Conservation Districts and Supervisors also have the ability to execute other powers including, but not limited to: initiating the consolidation of two or more existing districts, hiring and employing staff, and requesting funding to use for any purpose authorized by law. In addition, Conservation Districts may contract for legal services with the Office of the Attorney General or with other counsel.

In addition to serving as coordinators for conservation in the field, Districts:

  • Implement farm, ranch and forestland conservation practices to protect soil productivity, water quality and quantity, air quality and wildlife habitat;
  • Conserve and restore wetlands, which purify water and provide habitat for birds, fish and other animals;
  • Protect groundwater resources;
  • Assist communities and homeowners in planting trees and other land cover to hold soil in place, clean the air, provide cover for wildlife, and beautify neighborhoods;
  • Help developers control soil erosion and protect water and air quality during construction; and
  • Reach out to communities and schools to teach the value of natural resources and encourage conservation efforts.

In FY 2021, the majority of Idaho Conservation Districts signed a Partnership MOU with NRCS and the Commission – relative only to the implementation of USDA Farm Bill programs <emphasis added> – agreeing to:

  • Adhere to Federal, State, Local, and Tribal laws and regulations.
  • Adopt NRCS policies and procedures, including the NRCS Field Office Technical Guide (FOTG), and other science-based technical standards.
  • Leverage and promote use of USDA technologies and applications, as appropriate.
  • Assign conservation practice job approval authority to its personnel based on employee knowledge, skill, and ability level, and within applicable laws and guidelines. Obtain NRCS concurrence for job approval for practices involving USDA authorities or programs.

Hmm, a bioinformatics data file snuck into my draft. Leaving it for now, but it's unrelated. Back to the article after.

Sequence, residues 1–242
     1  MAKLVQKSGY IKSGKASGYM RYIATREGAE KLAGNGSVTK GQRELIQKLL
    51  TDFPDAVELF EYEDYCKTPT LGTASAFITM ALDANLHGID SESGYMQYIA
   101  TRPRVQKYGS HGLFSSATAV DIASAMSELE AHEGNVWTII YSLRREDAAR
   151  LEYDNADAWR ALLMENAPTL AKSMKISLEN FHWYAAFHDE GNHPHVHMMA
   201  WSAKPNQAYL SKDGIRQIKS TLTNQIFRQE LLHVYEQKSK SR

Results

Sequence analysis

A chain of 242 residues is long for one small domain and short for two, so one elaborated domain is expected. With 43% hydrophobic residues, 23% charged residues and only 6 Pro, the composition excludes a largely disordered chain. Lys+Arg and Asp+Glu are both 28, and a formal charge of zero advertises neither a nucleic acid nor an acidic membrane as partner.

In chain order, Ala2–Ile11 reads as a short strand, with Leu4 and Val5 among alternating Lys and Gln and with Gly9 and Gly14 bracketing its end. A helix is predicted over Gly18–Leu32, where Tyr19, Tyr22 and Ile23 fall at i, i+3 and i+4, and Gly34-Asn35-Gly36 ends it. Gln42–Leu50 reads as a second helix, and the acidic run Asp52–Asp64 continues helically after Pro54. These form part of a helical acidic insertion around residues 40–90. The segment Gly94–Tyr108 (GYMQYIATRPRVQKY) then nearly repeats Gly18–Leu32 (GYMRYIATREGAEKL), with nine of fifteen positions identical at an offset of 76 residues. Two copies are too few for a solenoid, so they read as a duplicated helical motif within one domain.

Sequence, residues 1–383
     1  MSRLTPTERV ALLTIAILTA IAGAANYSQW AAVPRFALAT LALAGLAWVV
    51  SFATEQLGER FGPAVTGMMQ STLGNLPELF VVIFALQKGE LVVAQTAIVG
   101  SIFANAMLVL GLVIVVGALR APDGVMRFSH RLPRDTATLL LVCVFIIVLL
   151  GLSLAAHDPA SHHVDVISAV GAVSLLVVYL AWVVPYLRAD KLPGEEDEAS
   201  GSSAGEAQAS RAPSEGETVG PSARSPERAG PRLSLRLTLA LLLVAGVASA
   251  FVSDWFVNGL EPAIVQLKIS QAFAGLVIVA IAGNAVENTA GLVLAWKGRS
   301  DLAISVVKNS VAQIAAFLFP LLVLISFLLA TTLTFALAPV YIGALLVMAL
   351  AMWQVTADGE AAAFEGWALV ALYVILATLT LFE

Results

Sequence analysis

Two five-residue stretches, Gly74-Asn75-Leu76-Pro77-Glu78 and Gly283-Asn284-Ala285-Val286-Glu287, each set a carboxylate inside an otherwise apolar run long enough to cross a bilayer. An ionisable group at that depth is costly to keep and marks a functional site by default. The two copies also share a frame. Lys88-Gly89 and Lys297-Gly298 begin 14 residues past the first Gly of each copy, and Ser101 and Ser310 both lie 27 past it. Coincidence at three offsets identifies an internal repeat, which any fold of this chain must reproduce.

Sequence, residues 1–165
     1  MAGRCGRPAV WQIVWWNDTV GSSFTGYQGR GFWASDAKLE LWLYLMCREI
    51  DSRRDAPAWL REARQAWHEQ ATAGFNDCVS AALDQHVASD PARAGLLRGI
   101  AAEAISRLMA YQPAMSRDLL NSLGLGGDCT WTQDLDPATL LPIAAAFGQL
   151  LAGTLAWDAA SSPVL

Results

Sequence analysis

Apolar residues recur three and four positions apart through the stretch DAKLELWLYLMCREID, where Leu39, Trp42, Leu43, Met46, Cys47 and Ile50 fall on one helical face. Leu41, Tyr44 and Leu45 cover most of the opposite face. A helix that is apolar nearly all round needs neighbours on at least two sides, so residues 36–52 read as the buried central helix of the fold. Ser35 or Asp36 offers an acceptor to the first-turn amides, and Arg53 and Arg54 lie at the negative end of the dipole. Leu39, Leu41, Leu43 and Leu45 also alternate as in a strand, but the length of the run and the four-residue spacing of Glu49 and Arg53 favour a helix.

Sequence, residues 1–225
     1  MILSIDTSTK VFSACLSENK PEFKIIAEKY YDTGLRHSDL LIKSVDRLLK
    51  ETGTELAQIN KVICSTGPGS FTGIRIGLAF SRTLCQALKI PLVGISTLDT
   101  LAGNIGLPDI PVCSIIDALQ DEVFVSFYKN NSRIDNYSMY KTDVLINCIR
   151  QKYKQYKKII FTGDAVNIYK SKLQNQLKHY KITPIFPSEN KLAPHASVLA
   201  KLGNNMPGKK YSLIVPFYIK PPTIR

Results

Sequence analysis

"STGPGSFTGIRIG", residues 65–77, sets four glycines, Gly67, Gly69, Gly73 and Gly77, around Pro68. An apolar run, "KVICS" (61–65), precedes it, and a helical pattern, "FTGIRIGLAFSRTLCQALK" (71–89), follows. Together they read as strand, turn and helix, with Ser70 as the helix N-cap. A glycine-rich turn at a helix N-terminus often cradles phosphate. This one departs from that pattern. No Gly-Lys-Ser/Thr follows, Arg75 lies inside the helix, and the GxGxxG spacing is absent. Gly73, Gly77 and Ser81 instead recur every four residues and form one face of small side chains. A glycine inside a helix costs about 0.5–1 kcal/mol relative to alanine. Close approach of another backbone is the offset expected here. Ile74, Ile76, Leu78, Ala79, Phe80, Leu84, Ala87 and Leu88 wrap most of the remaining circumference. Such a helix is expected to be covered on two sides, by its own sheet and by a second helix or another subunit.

• Participate in local, state, and national opportunities for policy, program, and project development.
  • Assist NRCS in promoting USDA programs by participating in outreach and community education activities.
  • Advocate for a strong natural resource conservation program by keeping appropriate boards, landowners, legislators, county commissioners, and other key stakeholders apprised of conservation activities within the district.
    • Assemble and chair the USDA local working group, as chartered under the State Technical Committee and authorized by 7 CFR 610, Part C, to encourage public participation.
    • Encourage diverse participation in local working groups through community outreach and education, to include stakeholders from historically underserved community.
    • Open local working group meetings to the public and advertise notification of meetings in one or more newspapers, including Tribal publications.
    • Develop the agenda and associated materials/information for local working groups and distribute at least 14 calendar days prior to the meeting.
    • Develop and file local working group meeting records within 30 calendar days of the meetings at the local NRCS office.
  • Adhere to local working group responsibilities and standard operating procedures, as documented in NRCS policy (Title 440, Conservation Programs Manual).
  • Develop the conservation needs assessment through broad-based community participation and in accordance with NRCS policy and procedures. This will provide a comprehensive evaluation of the district’s natural resource base and be the basis for making decisions about local priorities or policies in all local conservation programs.
  • Recommend local natural resource priorities and criteria for NRCS conservation activities and programs based on the conservation needs assessment and public input.
  • Develop a District Long-Range Plan every three (3) years(Five Year Plan) and an Annual Plan of Work each year, or as specified in state statute. These documents must incorporate local and community inputs.
  • Identify NRCS program resources, develop and implement conservation plans and natural resource systems, and evaluate/measure the technical and community impacts of solutions.
  • Update NRCS on activities of local and state advisory committees and community groups attended by Conservation District board members and staff.
  • Cooperate and collaborate across conservation districts, as appropriate and as permitted by state statute.
  • Avoid disclosure of information about planning, financial, technical, and other assistance provided to landowners under the Freedom of Information Act (5 USC 552) and only use such information to assist in providing such assistance.

For more information on District Roles and Responsibilities see the Idaho Conservation District Supervisor Handbook.